by Pat Neary
I’ve recently been searching the Internet for some killer facts and figures that I might use to convince prospective customers that they should invest time, energy and money to improve the testing that they do as part of their JD Edwards EnterpriseOne (JDE E1) projects.
What’s interesting, and a little perplexing, is the lack of content relevant to testing enterprise application software. When I say enterprise application software, I am thinking of packaged software products like JDE E1; like other products in this category, are designed to support multiple business-critical process (such as payroll, procurement, order processing etc).
With packaged software, we are led to believe (and should reasonably expect) that the software we have purchased will have been thoroughly tested by the author. The challenge is, people rarely use these products “out of the box”. ERP software is complex and most, if not all, implementations will involve a degree of customization.
Owning the QA process
Experience tells us that it is not practical, safe or sensible to rely solely on the author to own the QA process. Things go wrong, and there are many examples of thoroughly tested software failing to meet the specific requirements of a business. Users, therefore, need to take ownership of testing. When planning and executing tests, we need to focus on our implementation of the software and how it supports our business-critical workflows.
The “ownership” of testing is particularly relevant at a time when enterprise software developers are changing the way their customers buy and consume their software. Many applications are moving to the cloud, where software is being consumed as-a-service. The JDE team at Oracle has introduced a continuous delivery (adoption/innovation) model that has major implications for the way customers test. Smaller, more frequent change event projects will require more frequent testing. If the end-users themselves aren’t rethinking their approach to testing, the systems integration partners they rely on should be.
The importance of testing
When we think about testing JDE, it’s not in the way we might think of testing within a traditional Software Development Lifecycle. It’s important to understand that the onus is on testing the implementation of the software, not the software itself. This doesn’t mean you have to do the testing yourself. Just make sure the partner you have chosen to carry out the testing understands your business, how you have implemented the software and how it supports your other business-critical applications.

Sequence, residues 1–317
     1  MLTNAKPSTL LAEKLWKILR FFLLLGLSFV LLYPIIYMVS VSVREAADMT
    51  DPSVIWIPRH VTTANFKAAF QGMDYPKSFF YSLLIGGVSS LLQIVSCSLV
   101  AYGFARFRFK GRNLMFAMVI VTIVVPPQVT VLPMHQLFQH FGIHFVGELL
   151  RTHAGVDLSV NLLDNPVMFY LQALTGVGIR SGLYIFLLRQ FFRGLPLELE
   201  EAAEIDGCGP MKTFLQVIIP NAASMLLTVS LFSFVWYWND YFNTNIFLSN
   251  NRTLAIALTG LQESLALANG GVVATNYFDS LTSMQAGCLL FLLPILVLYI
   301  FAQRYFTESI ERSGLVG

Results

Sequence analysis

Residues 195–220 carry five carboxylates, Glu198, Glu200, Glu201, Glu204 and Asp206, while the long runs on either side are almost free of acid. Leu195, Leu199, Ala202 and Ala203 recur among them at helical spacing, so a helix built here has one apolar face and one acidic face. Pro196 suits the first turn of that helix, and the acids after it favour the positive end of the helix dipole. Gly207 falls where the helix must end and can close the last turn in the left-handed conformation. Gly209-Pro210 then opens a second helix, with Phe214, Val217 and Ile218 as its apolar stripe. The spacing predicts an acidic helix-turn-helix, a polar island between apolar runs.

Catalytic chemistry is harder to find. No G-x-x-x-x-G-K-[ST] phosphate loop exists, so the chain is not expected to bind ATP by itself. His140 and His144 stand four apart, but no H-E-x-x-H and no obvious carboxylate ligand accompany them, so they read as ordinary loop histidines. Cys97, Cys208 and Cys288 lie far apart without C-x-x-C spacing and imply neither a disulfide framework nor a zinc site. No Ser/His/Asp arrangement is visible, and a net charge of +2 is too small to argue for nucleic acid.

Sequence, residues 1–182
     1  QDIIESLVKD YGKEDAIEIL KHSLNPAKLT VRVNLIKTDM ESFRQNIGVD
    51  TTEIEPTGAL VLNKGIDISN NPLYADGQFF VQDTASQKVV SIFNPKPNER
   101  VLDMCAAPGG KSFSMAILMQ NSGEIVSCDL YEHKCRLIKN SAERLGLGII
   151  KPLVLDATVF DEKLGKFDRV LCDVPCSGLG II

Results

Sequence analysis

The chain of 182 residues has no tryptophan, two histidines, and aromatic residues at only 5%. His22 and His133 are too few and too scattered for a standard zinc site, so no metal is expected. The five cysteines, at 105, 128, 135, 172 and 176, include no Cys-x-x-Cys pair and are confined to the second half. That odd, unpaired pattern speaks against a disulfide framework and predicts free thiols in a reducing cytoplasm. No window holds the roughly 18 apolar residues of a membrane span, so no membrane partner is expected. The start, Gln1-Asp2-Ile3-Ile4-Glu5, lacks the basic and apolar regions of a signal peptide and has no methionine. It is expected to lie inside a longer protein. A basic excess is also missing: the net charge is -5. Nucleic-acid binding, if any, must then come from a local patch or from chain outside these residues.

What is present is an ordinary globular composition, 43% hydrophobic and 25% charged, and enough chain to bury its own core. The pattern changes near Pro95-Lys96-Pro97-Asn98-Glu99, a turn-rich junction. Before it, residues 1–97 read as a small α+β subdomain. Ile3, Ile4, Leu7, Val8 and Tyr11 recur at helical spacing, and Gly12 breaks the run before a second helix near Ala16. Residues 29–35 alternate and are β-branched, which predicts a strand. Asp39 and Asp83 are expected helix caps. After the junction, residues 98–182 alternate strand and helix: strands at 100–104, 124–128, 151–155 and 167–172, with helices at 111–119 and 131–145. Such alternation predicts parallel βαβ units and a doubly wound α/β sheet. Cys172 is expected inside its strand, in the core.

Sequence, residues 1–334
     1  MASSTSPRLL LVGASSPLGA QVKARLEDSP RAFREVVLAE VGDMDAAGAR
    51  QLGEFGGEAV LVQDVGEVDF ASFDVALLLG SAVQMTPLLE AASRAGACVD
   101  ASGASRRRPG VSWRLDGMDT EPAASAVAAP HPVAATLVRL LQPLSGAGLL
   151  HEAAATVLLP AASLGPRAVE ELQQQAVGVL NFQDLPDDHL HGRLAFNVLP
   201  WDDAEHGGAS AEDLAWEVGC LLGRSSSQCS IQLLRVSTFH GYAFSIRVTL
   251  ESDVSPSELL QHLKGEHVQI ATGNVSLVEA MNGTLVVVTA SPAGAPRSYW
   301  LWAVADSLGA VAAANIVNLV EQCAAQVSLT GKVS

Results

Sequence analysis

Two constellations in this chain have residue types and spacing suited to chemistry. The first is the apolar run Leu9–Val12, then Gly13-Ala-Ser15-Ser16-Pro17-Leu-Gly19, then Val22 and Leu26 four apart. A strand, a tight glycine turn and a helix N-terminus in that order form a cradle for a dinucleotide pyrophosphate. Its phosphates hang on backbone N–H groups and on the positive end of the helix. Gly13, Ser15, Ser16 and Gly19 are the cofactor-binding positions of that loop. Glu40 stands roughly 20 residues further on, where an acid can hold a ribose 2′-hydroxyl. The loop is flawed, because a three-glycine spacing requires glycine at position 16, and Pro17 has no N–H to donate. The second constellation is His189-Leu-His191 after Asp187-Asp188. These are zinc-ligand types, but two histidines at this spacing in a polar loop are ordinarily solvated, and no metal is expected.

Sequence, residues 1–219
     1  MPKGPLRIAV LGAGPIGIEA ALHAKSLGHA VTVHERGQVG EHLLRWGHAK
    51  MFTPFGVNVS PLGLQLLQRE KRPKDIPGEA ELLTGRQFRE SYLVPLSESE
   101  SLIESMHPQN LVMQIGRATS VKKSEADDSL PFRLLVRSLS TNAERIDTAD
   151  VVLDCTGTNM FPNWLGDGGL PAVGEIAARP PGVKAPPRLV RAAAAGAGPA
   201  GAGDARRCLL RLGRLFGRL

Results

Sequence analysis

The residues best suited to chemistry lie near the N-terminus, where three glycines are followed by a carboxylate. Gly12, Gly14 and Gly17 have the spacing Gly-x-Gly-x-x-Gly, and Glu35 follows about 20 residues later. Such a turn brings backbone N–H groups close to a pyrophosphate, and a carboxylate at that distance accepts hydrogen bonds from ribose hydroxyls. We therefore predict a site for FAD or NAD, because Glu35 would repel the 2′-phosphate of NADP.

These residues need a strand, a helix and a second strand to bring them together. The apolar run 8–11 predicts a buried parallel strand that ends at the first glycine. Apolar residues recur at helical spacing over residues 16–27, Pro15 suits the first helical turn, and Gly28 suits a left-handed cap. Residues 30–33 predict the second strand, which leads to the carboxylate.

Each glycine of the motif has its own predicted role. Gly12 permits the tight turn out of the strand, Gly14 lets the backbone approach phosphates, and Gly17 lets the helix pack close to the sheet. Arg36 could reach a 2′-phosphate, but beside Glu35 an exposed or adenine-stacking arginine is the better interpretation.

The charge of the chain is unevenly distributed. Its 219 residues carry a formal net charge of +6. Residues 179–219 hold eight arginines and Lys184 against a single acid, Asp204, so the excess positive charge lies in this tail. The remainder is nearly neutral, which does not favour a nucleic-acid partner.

My search for statistics wasn’t completely fruitless. Here are a couple of facts and figures that I was able to dig out that you might use if you’re building a business case for testing:
- 23% to 35%. The proportion of total IT budget allocated to QA and testing from 2013 through 2017. (World Quality Report 2017-18, Ninth Edition)
- 50%. The proportion of time typically spent testing during the development phase. So >50%, because testing is broadly deployed in every phase in the software development cycle. (Institute for Software Research – Carnegie Mellon University Research)
In our own experience, testing can account for anything from 25% to 65% of the total upgrade effort.
So, there might not be a lot of relevant research out there, but the search itself proved useful in helping me understand the JDE E1 testing challenge. Whether you carry out your own testing or partner with a JDE service provider: Don’t test the application, test the implementation.
If you are a JDE E1 customer, or a systems integrator supporting companies using JDE E1, and would like to learn how DWS testing products can support you throughout the JDE lifecycle, please get it touch.